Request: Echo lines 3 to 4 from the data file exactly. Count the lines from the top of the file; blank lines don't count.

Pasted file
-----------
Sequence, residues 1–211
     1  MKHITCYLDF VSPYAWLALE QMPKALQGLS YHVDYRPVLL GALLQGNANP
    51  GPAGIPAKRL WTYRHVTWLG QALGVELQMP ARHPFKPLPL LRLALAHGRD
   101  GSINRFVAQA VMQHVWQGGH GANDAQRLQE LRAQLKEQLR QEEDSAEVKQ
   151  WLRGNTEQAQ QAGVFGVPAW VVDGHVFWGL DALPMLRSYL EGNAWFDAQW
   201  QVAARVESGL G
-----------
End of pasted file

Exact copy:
    51  GPAGIPAKRL WTYRHVTWLG QALGVELQMP ARHPFKPLPL LRLALAHGRD
   101  GSINRFVAQA VMQHVWQGGH GANDAQRLQE LRAQLKEQLR QEEDSAEVKQ